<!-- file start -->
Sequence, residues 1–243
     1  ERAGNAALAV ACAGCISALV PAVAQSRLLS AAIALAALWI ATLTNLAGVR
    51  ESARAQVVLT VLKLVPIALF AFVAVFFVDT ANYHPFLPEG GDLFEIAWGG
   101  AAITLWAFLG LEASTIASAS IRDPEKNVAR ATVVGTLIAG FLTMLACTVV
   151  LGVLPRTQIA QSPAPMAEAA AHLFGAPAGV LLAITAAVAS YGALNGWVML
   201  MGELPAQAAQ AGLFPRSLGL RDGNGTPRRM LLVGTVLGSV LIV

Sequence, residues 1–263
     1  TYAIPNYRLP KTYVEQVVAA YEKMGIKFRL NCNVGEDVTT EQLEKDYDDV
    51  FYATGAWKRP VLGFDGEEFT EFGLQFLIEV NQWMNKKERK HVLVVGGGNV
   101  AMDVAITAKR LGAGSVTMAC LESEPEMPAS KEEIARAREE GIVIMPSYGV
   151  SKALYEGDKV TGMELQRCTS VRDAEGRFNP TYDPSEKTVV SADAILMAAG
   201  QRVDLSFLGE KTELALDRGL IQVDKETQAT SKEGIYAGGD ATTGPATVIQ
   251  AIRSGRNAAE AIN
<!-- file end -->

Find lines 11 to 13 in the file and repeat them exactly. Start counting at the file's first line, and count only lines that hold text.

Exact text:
   151  SKALYEGDKV TGMELQRCTS VRDAEGRFNP TYDPSEKTVV SADAILMAAG
   201  QRVDLSFLGE KTELALDRGL IQVDKETQAT SKEGIYAGGD ATTGPATVIQ
   251  AIRSGRNAAE AIN